Concreteness, Specificity and Emotional Content in Swedish Nouns. Neurocognitive Studies of Word Meaning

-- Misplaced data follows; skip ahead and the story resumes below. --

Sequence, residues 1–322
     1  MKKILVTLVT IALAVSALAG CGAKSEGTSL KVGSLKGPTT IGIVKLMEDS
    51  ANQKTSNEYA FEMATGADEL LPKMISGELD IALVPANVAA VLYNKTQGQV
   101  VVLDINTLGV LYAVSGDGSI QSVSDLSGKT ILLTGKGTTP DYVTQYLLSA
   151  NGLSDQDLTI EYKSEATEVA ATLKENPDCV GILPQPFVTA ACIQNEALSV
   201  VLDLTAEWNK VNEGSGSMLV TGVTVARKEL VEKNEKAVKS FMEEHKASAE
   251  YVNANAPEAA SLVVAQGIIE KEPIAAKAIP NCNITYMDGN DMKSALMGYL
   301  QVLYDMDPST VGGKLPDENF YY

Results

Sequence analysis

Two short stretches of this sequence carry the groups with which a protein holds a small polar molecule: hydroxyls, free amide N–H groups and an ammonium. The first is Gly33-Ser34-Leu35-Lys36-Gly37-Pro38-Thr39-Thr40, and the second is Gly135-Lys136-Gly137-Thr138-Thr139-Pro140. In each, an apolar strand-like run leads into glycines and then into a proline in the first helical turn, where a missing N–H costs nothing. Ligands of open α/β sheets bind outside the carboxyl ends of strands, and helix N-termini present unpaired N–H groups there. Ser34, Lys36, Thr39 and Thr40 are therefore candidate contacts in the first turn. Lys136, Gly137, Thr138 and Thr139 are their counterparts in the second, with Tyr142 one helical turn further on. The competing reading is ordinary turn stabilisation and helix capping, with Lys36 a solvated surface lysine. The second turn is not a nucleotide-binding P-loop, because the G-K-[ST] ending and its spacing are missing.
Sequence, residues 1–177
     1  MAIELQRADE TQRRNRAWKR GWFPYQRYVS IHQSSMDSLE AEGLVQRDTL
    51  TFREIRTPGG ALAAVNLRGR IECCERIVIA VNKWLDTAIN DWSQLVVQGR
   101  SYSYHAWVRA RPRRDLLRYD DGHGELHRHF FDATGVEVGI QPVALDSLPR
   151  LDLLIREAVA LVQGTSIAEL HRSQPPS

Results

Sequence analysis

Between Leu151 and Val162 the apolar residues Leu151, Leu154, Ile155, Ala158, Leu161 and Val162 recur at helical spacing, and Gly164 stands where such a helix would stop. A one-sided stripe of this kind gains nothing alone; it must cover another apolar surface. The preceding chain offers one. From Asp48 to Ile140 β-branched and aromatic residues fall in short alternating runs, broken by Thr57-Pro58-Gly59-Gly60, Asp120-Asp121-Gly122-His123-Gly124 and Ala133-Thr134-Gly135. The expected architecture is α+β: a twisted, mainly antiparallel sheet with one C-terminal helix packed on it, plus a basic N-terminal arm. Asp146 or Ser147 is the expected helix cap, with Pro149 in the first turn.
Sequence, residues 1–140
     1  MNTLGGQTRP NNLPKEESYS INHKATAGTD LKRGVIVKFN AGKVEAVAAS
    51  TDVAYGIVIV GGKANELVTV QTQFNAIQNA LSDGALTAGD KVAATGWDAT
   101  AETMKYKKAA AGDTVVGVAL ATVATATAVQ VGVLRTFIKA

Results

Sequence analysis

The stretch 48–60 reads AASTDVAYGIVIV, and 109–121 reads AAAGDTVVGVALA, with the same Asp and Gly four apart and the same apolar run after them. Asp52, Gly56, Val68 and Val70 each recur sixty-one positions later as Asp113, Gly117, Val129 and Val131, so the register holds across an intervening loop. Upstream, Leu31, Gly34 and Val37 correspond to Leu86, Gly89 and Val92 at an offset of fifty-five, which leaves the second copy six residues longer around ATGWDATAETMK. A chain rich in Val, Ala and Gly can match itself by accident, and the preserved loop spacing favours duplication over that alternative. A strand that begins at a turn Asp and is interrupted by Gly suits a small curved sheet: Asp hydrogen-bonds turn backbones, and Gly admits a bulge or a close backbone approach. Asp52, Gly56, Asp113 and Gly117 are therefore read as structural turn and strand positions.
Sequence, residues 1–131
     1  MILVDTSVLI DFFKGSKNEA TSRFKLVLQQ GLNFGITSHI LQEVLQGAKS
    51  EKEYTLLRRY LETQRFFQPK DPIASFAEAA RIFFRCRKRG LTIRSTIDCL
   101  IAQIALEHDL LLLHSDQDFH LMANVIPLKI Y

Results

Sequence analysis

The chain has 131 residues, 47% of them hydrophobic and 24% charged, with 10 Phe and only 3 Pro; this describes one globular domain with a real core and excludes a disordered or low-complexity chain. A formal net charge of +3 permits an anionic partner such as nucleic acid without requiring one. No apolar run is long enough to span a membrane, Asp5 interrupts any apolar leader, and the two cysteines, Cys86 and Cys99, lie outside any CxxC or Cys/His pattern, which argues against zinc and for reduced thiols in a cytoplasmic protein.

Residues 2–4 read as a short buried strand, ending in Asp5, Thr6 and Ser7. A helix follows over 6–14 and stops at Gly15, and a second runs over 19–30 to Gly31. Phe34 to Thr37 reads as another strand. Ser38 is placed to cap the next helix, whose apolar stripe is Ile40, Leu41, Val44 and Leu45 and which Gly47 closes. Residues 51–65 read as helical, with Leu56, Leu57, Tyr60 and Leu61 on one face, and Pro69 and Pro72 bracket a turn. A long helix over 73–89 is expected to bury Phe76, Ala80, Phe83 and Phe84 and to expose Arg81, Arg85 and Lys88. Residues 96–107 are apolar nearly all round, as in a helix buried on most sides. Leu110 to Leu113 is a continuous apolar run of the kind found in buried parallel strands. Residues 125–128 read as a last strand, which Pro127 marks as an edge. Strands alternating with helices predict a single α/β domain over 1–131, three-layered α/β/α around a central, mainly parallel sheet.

The present thesis investigated Swedish nouns differing in concreteness, specificity and emotional content using linguistic, psycholinguistic and neurolinguistic methods. The focus of Paper I was a semantic analysis of discourse produced by a person with a lesion in visual (left occipital) cortex. The results showed that the lesion site was related to with problems processing concrete nouns related to visual semantic features, as well as nouns with high semantic specificity. Paper II compared Swedish ratings of the cognitive psychological parameters imageability, age of acquisition and familiarity to English ratings, showing correlations indicating that ratings can be transferred between the two languages. Suggestions for constructing a Swedish psycholinguistic database were also outlined. In Paper III, four noun categories differing in specificity and emotional arousal (SPECIFIC, GENERAL, EMOTIONAL, ABSTRACT) were compared using a dichotic listening paradigm and a concrete/abstract categorisation task. EMOTIONAL nouns were shown to be processed faster than the other noun categories when presented in the left ear, possibly indicating more right hemisphere involvement. In Paper IV, PSEUDOWORDS as well as SPECIFIC, GENERAL, EMOTIONAL and ABSTRACT nouns were compared during lexical decision and imageability rating tasks using electroencephalography (EEG), targeting the event-related potentials (ERPs) N400 and N700, previously shown to be modulated by concreteness. On the assumption that abstract nouns have a larger number of lexical associates than more concrete nouns, N400 amplitudes were predicted to be smaller for abstract nouns than for concrete nouns. This prediction was supported by the results. Notably, even SPECIFIC and GENERAL nouns were observed to elicit different N400 amplitudes, in accordance with their hierarchical relationship in lexical semantic models. Bringing together theories and methods from linguistics, cognitive psychology and neuroscience, the present interdisciplinary thesis provides insights into word semantics as regards differences related to the cognitive dimension of concreteness and its relation to sensory and emotional meaning features.